It's difficult to describe the music of Kitaro, one of the leading architects of New Age music.

But you know it when you hear it: the Zen-like wail of a Japanese flute, the pitter-patter of percussion and the lush melodies played by a soaring synthesizer.

And if you've ever had a massage, you've probably blissed out to his exotic, Far Eastern soundscape.

"Each artist has their own sound, so I created my own sounds," said Kitaro, a native of Japan who has lived in Sebastopol since 2005. "The music is deep in nature."

Kitaro and his band will join the Santa Rosa Symphony at the Green Music Center on Feb. 14 to kick off his Symphonic World Tour 2014,with stops in Warsaw, Moscow, Bucharest and Istanbul, among other cities.

"We decided to have the first concert here," the 60-year-old musician said during an interview at Ragle Ranch Park's Peace Garden. "At each venue, we'll play with the local symphony."

The first half-hour of the concert will showcase Kitaro and his band performing works from his 1980 "Silk Road" album, which catapulted the artist onto the international stage. The music was composed for a documentary TV series produced by Japan's national broadcasting organization in the early 1980s.

For the rest of the concert, the band and the orchestra will perform arrangements of some of the pivotal works of Kitaro's 35-year career, including pieces from his "Kojiki" and "Heaven - Earth" albums. Conducting the orchestra will be Stephen Small, a classical pianist from New Zealand who orchestrated the parts.

Kitaro first worked with an orchestra while writing the Golden Globe-winning soundtrack to Oliver Stone's 1992 film, "Heaven - Earth."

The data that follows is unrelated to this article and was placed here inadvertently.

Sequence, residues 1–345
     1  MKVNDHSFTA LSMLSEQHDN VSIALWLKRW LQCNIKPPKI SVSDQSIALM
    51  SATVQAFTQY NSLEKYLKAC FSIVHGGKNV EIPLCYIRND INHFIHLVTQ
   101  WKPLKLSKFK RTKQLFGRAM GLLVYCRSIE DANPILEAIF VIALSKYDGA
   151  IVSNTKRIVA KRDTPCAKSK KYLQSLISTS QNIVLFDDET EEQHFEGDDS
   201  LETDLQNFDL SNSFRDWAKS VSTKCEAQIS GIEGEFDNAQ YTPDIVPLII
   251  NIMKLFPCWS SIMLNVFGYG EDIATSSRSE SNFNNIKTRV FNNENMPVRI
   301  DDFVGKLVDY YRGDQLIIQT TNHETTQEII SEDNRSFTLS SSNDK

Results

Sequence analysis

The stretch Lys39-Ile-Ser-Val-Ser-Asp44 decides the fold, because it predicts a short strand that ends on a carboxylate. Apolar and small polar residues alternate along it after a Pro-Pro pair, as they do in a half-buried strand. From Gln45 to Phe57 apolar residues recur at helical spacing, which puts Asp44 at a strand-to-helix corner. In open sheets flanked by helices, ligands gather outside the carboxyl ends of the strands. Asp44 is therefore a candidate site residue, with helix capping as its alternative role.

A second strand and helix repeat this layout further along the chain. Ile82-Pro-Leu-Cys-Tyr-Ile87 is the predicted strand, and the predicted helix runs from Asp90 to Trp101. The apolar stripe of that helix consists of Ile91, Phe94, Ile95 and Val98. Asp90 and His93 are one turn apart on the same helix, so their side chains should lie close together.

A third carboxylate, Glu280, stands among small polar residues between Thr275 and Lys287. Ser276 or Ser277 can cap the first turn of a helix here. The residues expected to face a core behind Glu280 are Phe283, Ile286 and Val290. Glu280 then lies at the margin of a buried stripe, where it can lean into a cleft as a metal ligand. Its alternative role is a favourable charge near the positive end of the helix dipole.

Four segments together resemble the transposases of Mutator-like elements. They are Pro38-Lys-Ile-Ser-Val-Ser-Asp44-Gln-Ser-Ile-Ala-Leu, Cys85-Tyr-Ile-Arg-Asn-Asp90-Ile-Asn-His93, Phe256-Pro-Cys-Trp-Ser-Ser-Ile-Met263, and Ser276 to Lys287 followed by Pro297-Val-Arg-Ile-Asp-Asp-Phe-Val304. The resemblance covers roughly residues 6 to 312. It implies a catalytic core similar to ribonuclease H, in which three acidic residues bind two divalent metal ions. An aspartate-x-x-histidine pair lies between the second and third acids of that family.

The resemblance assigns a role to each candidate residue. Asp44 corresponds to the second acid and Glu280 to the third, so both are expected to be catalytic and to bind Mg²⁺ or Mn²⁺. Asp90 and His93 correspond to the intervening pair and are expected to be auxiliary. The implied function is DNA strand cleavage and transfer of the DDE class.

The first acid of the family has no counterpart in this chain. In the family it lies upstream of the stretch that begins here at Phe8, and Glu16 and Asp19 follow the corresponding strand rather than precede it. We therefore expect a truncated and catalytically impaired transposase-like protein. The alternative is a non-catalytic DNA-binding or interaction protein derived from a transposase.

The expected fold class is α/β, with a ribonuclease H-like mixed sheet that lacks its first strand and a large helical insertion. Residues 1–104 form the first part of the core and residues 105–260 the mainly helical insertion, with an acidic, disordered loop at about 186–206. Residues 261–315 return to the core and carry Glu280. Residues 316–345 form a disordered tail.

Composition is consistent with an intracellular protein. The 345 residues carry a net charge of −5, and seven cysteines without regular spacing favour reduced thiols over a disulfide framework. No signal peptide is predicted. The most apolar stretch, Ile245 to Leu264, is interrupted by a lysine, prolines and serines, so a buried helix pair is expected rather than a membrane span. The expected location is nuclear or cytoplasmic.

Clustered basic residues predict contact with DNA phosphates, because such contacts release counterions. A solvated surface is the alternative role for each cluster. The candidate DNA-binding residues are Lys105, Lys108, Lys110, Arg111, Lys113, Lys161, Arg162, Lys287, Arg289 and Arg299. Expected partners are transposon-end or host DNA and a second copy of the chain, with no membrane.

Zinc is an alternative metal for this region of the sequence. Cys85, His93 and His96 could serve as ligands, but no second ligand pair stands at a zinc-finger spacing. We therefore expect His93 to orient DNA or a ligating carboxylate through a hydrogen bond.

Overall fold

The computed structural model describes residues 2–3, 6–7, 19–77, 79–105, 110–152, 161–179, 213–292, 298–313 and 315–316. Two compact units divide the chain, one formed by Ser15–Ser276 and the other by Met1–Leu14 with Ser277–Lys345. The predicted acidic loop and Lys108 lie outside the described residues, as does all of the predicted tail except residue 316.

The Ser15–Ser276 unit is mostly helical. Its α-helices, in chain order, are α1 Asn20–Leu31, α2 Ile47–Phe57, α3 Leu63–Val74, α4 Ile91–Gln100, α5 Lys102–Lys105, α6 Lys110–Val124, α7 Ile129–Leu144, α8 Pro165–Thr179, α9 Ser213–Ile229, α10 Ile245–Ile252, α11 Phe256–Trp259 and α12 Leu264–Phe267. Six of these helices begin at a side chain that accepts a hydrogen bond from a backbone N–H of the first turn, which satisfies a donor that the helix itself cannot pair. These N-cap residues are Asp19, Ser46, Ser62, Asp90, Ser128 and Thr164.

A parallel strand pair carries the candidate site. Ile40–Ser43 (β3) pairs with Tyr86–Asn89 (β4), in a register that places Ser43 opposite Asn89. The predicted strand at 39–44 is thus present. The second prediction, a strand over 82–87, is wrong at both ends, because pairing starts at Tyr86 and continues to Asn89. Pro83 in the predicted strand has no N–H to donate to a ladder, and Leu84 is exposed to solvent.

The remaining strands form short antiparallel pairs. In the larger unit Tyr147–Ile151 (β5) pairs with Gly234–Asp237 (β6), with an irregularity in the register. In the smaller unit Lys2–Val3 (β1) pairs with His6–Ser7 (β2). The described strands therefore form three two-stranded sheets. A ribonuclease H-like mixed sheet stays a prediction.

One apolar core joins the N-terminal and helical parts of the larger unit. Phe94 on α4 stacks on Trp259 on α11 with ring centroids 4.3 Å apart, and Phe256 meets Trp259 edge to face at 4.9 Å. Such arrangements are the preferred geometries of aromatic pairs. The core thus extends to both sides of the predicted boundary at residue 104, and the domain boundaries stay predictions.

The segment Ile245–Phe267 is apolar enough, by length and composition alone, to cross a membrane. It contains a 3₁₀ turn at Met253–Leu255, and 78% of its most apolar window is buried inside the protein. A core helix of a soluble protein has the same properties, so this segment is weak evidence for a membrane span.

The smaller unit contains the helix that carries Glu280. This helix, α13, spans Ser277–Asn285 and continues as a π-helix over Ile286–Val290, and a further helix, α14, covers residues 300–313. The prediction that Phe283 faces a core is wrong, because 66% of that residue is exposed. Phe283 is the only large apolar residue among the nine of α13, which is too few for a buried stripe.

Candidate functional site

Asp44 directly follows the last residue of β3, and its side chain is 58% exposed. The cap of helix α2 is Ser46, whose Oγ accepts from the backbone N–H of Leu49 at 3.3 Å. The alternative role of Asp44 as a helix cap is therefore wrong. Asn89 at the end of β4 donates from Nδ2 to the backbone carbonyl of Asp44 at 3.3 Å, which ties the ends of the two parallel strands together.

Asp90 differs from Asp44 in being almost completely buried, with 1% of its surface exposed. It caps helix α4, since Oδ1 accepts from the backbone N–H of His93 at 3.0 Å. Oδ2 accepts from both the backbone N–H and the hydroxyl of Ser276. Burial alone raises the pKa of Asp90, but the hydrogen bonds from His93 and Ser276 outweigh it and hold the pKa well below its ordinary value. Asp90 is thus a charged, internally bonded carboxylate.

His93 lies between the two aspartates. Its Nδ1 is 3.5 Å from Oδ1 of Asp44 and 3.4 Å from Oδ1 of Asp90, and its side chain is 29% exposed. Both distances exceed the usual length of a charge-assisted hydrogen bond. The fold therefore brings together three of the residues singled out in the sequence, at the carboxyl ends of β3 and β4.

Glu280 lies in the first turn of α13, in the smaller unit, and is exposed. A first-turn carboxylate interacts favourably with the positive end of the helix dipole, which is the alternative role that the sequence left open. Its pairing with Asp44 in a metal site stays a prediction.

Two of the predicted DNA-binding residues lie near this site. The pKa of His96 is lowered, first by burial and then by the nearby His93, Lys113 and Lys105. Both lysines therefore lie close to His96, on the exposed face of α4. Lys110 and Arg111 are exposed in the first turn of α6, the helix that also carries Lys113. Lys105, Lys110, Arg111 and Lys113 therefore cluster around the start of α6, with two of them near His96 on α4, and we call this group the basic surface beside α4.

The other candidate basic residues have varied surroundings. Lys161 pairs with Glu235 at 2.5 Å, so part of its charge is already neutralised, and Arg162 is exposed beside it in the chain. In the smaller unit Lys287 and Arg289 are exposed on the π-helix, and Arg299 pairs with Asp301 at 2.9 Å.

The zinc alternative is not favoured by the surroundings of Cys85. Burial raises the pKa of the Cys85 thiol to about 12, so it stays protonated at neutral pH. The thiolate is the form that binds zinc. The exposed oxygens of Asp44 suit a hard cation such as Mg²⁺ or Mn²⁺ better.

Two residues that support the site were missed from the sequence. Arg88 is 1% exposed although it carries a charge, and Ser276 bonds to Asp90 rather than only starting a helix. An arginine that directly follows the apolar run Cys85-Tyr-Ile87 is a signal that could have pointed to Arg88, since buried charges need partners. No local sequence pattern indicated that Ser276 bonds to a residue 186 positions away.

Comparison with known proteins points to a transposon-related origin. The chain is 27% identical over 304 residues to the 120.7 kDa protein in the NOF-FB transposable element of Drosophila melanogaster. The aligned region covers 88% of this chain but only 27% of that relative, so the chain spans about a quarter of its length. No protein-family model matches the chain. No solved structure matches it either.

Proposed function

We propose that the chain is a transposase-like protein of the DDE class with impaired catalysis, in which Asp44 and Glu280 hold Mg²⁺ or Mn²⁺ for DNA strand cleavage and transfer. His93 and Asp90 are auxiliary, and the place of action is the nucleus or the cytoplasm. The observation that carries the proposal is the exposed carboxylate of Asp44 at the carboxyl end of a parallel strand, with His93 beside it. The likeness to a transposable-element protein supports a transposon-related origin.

"I liked the sound, because it was much bigger and very emotional," he said. "I love the strings."

For this concert, his challenge will be to balance the electronic instruments -#8212; synthesizer, keyboards, electric violin, bass and drums -#8212; with the acoustic, 40-piece orchestra.

"The band will step into the orchestra," he said. "Always, we have to have a conversation (between the two)."

Along with synthesizer, Kitaro will play the Native American flute and the acoustic guitar. His wife, Keiko Takahashi, will play keyboards.

Despite his long, graying hair and goatee, Kitaro still exudes the pixie-like charm of his namesake, a character with flowing locks from a Japanese manga cartoon.

"It's a famous cartoon character in Japan, where the super-kids battle against the bad people," he said. "I got that nickname because of my long hair."

Born Masanori Takahashi in Toyohashi, Kitaro picked up the electric guitar in high school, then moved on to keyboards, drums, bass and flute. He now plays about 50 instruments and has a vast collection of traditional instruments from all over the world.

"In the instrument, we can see all the cultures," he said. "We see how they created sounds."

After graduating from college, Kitaro joined the Far East Family Band, a legendary group that fused ethnic music with psychedelic rock.

"The old days, it was a good time," he said. "We had recording sessions in England, and finally we broke up (in 1977). ... That's when I became a solo artist."

Like many rock musicians, Kitaro composes and performs by ear, without reading or writing music.

"Harmony is always vibrating," he explained. "And if the sound is fighting, we know."

The terrorist attacks of 9/11 left a deep impression on the artist, inspiring him to launch the Ku-Kai project, named after a famous Japanese monk who built 88 temples on Shikoku Island, each with a different bell.

"Each bell resonates, and it heals our spirit," he said. "So I recorded all the temple bells, and each one inspired a composition."

So far, he has written 39 Ku-Kai works and produced four albums, each one nominated for a Grammy. He still has 49 to go.

His latest album, "Final Call," was inspired by the devasting 2011 earthquake and tsunami in Fukushima. It was nominated for a 2014 Grammy award in the New Age category.

But that label doesn't mean a lot to this independent-minded musician, who always has marched to the beat of his own drum.

"New Age or Old Age?" he said with an impish grin. "Why not Nice Age?"

You can reach Staff Writer Diane Peterson at 521-5287 or diane.peterson@pressdemocrat.com.